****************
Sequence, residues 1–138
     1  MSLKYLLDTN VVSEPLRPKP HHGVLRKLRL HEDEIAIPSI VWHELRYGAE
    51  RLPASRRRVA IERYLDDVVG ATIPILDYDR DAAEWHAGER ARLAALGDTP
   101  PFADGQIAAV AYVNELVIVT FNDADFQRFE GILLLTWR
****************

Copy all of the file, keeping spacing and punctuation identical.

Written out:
Sequence, residues 1–138
     1  MSLKYLLDTN VVSEPLRPKP HHGVLRKLRL HEDEIAIPSI VWHELRYGAE
    51  RLPASRRRVA IERYLDDVVG ATIPILDYDR DAAEWHAGER ARLAALGDTP
   101  PFADGQIAAV AYVNELVIVT FNDADFQRFE GILLLTWR